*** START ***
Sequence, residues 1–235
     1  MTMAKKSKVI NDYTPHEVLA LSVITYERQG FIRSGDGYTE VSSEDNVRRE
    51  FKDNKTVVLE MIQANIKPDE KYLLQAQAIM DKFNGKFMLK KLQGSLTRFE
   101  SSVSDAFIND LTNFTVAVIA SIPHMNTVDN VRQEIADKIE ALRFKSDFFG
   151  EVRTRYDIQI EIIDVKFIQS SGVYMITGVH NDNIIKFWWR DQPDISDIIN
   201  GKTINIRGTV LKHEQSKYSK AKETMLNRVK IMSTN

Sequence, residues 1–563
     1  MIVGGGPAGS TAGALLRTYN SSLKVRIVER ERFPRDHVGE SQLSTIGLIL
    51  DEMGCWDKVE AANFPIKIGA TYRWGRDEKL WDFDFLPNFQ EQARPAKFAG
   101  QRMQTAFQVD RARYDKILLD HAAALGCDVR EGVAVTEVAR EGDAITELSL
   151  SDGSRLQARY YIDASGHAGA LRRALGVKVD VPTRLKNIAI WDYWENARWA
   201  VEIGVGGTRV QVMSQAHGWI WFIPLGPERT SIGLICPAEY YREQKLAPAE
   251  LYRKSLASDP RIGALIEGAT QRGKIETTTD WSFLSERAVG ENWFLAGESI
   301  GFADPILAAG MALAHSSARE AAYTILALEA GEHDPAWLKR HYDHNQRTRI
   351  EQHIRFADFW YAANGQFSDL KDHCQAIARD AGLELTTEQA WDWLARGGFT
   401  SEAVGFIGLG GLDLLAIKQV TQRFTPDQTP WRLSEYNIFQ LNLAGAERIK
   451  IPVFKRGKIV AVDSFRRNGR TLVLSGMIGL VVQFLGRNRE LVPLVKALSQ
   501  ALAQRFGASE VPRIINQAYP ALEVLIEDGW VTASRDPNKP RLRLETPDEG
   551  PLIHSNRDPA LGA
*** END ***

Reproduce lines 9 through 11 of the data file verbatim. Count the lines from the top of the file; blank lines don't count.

    51  DEMGCWDKVE AANFPIKIGA TYRWGRDEKL WDFDFLPNFQ EQARPAKFAG
   101  QRMQTAFQVD RARYDKILLD HAAALGCDVR EGVAVTEVAR EGDAITELSL
   151  SDGSRLQARY YIDASGHAGA LRRALGVKVD VPTRLKNIAI WDYWENARWA